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MEPS
Marine Ecology Progress Series

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MEPS 622:139-155 (2019)  -  DOI: https://doi.org/10.3354/meps12993

Competitive interactions among juvenile and adult life stages of northern Gulf of Mexico red snapper Lutjanus campechanus and a tropical range-expanding congener

Anthony R. Marshak1,2,3,*, Kenneth L. Heck Jr1,2

1Department of Marine Sciences, University of South Alabama, Mobile, AL 36688, USA
2Dauphin Island Sea Lab, 101 Bienville Blvd., Dauphin Island, AL 36528, USA
3Present address: ECS Federal, LLC in support of NOAA National Marine Fisheries Service, Office of Science and Technology, 1315 East-West Highway, F/ST7, Silver Spring, MD 20910, USA
*Corresponding author:

ABSTRACT: Associated with regional warming, poleward species range expansions may have important consequences for biological communities. Within northern Gulf of Mexico (nGOM) offshore habitats, higher abundance of tropically associated lane snapper Lutjanus synagris is correlated with rising temperatures. Increased presence of juvenile and adult lane snapper could result in important competitive interactions with nGOM reef fishes, such as economically important red snapper L. campechanus, at multiple life stages and cause shifts in resource utilization and species composition of offshore fish assemblages. We investigated interactions between adult and juvenile lane and red snapper within experimental mesocosms. Although no significant effects on prey consumption were observed, interspecific competition between adults and juveniles was strongest, as adult lane snapper utilized habitats at higher rates than single juvenile red snapper in interaction trials. Additionally, adult red snapper most strongly displaced single juvenile lane snapper and increased their swimming activities in the presence of heterospecific juveniles. Adult red snapper also aggressively chased juvenile lane snapper and displaced them from habitats. However, less pronounced effects were observed for grouped juveniles in the presence of adults, especially juvenile red snapper, while adult lane snapper swam less in the presence of grouped juvenile lane and red snapper. Additionally, single juvenile red snapper swimming activities and prey consumption in the presence of adult snappers did not significantly differ from control values. Therefore, at small scales adult lane snapper may partially displace single juvenile red snapper, but clusters of red and lane snapper juveniles may be resilient to competitive effects of adult lane snapper and exert partial competitive pressures on them. As expected, we found that elevated aggressiveness by larger individuals resulted in dominance in space occupancy in one-on-one interactions. These findings suggest that prior occupation of preferred hard bottom habitat may be a determining factor for grouped juvenile red snapper competing against similar sized or larger individuals. Overall, our results indicate varying competitive vulnerabilities of red snapper to climate-related range expansions of tropical congeners.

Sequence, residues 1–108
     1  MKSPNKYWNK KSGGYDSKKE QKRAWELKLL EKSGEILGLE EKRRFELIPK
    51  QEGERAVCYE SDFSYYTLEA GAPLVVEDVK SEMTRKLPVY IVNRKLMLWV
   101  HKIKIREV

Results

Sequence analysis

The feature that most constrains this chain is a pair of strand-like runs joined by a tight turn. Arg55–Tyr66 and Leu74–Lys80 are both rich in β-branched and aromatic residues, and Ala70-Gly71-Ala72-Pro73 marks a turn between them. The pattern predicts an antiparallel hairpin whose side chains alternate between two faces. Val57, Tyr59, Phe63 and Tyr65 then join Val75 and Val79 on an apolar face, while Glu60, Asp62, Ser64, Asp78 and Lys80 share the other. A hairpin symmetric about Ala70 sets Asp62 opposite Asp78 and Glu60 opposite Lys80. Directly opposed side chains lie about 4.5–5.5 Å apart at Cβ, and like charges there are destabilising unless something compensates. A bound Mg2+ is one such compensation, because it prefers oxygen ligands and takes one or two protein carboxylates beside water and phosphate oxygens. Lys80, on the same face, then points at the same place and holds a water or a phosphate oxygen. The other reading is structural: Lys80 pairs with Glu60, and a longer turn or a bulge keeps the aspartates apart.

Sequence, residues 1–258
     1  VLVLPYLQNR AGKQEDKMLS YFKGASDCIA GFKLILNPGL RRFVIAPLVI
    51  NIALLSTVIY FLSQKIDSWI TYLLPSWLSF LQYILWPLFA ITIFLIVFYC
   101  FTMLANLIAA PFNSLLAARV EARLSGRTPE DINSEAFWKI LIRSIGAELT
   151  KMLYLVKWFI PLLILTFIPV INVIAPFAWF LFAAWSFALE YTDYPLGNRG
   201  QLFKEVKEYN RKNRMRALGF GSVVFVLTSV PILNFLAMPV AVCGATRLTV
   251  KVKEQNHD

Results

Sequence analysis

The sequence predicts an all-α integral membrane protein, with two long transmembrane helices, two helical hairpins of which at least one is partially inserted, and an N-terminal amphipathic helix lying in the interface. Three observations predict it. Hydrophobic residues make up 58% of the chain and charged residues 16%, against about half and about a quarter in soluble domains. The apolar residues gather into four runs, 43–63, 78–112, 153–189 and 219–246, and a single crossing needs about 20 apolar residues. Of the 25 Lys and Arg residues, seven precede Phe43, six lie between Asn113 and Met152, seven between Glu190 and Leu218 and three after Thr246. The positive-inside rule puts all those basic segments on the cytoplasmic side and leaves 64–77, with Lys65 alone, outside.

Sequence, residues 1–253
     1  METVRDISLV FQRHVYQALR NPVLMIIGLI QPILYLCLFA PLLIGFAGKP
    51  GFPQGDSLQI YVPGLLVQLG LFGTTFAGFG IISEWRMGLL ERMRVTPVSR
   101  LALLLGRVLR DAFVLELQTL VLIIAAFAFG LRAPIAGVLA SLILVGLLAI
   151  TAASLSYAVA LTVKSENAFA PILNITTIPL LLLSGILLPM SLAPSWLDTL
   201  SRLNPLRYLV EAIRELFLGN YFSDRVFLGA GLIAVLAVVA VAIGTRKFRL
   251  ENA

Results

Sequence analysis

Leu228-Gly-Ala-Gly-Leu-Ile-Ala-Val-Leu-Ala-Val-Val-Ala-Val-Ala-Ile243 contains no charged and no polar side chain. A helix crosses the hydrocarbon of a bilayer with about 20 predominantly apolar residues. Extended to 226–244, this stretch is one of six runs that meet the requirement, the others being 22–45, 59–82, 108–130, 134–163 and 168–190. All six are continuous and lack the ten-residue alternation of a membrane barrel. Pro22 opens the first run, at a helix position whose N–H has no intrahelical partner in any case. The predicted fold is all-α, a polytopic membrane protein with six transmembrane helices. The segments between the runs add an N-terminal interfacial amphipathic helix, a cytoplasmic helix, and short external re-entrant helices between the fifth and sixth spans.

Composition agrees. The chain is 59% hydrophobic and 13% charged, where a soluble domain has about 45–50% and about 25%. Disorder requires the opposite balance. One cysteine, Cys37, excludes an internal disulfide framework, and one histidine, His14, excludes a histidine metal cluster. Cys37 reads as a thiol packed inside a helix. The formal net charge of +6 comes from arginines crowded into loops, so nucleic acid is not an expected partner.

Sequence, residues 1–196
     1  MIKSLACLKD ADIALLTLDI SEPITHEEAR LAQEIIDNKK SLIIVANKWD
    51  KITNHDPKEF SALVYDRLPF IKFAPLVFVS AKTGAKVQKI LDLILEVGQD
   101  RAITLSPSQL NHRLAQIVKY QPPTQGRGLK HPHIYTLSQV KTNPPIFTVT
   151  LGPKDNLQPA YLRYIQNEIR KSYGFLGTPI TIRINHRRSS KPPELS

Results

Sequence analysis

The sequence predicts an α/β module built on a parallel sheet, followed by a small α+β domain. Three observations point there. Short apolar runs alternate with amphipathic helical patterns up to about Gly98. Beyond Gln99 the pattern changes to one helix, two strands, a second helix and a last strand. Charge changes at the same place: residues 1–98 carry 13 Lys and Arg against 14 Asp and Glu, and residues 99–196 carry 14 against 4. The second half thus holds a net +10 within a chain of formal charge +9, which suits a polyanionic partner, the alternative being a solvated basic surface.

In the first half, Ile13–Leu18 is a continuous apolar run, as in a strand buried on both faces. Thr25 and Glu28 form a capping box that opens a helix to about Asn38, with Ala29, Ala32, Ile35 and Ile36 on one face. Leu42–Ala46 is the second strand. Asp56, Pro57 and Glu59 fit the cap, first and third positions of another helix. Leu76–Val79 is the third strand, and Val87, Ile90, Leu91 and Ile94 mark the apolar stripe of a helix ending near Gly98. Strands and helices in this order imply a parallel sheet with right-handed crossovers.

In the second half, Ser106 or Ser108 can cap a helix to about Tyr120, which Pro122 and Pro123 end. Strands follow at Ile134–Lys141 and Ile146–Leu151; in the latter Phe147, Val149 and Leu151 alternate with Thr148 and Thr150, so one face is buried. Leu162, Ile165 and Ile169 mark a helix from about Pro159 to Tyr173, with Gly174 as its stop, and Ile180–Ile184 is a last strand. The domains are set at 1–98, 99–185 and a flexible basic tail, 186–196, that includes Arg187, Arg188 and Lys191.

KEY WORDS: Adult-juvenile interactions · Competition · Lane snapper · Mesocosm · Priority effects · Range shifts · Red snapper


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Cite this article as: Marshak AR, Heck KL Jr (2019) Competitive interactions among juvenile and adult life stages of northern Gulf of Mexico red snapper Lutjanus campechanus and a tropical range-expanding congener. Mar Ecol Prog Ser 622:139-155. https://doi.org/10.3354/meps12993

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